• Four necklaces
• 10 pairs of earrings
• Five rings
• Two bracelets
• Two bangles

Assign retail prices that are appropriate for the market you are targeting

To position your retail prices correctly, it is important to research the retail prices of other comparable collections within your target market. With this knowledge, you will be able to determine your target costs, which you will use to obtain quotes from manufacturers.

Find a reasonable manufacturer to support your production

A manufacturer who is genuinely excited to work with you and who understands that they may at times have to provide quick alterations is vital to your business. Even if you are certain that your chosen manufacturer is trustworthy, be sure to have them sign a non-disclosure agreement (NDA). By signing this agreement, they commit not to disclose information about your designs to third parties.

Get your collection photographed by a professional

High-quality photographs of your jewelry collection are fundamental. They serve insurance purposes, in case of theft. Retailers can sell your collection anywhere in the world by sending photos of your pieces to their customers. Visitors to your website can clearly see various views of your creations.

Invest in a professional website

This is a necessary investment if you are serious about presenting your product to the world. Tailor your website to the image you want to project. Update the site frequently, with new pictures and new written content. Never stop looking for new ways to improve the customer experience. Always be transparent. Implement a generous return policy.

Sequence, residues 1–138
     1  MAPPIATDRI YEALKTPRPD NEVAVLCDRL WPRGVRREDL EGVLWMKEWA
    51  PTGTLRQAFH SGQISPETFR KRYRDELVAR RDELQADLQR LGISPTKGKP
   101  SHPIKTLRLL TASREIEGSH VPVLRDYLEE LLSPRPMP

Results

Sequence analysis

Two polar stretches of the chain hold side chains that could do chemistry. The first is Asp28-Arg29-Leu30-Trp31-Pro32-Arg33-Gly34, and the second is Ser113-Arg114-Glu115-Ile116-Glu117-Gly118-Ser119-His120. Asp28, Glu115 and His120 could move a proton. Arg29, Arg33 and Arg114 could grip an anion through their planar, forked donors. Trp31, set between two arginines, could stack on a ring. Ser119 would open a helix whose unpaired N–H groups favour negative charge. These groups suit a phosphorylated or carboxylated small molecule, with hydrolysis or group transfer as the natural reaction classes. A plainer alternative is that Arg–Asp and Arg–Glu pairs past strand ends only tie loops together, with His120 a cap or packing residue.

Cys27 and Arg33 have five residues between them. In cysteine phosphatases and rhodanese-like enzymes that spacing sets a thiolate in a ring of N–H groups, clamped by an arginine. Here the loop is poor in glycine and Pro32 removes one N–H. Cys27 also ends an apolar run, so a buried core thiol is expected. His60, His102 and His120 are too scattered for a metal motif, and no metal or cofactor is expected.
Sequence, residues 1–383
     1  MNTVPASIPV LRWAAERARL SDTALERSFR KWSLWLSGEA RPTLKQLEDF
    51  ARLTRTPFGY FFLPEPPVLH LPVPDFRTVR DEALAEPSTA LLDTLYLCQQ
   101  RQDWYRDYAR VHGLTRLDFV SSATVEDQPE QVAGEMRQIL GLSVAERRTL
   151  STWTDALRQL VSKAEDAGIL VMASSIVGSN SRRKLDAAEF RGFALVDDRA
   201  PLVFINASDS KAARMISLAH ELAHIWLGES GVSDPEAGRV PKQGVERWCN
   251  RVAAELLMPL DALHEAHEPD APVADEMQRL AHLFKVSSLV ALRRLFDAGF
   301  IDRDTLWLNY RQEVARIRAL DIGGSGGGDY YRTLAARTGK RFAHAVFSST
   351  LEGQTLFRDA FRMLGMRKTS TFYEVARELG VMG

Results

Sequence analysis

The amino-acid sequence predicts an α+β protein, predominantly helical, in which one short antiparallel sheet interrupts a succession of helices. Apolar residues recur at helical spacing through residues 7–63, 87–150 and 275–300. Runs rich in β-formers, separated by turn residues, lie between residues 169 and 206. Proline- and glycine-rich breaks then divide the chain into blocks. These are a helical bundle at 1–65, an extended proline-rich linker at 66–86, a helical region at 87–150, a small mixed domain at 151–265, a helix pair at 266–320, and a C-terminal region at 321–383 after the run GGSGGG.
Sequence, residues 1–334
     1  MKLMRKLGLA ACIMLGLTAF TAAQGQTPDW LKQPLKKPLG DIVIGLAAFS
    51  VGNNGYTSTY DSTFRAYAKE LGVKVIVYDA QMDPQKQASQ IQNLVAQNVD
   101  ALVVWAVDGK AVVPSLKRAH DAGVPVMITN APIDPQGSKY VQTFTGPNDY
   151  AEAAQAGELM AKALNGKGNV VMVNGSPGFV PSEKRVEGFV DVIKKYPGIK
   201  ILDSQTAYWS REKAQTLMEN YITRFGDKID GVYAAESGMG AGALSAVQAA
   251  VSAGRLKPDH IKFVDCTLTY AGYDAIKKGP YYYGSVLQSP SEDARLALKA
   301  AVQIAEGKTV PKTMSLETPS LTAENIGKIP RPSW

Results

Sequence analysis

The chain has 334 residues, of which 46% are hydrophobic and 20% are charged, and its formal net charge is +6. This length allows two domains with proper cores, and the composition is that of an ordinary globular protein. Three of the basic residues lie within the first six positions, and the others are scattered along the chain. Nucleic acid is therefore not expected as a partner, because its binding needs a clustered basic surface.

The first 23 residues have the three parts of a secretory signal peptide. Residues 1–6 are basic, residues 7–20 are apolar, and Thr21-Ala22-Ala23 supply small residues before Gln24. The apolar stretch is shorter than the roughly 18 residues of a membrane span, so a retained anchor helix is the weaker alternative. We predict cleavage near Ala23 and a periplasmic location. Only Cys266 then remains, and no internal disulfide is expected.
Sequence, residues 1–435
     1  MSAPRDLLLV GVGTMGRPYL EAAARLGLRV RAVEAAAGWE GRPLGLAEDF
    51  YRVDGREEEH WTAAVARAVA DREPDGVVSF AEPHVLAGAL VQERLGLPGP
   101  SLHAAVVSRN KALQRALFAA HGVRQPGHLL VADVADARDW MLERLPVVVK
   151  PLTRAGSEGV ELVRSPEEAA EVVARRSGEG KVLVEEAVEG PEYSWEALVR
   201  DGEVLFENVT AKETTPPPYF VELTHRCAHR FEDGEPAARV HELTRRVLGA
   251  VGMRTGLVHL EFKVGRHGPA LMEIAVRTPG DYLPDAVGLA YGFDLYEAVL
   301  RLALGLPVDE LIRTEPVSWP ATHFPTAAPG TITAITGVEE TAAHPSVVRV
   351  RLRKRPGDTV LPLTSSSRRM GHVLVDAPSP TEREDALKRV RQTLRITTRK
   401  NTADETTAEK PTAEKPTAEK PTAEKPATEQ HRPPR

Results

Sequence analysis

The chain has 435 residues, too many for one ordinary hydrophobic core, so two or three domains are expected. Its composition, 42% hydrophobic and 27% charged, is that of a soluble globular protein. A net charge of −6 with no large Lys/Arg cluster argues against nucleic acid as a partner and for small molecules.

Create a wish list of retailers to feature your collection

Creating such a list is the easy part. The hard part is getting your work in the retail stores you want to be in. The process takes perseverance, determination, and of course, unwavering belief in your designs.

Step 6

Continuing Education

The jewelry industry, like many others, has several organizations and associations that offer continuing education opportunities to bench jewelers, as well as to sales personnel and managers in the field:

Jewelers of America

Gemological Institute of America

Jewelers Circular Keystone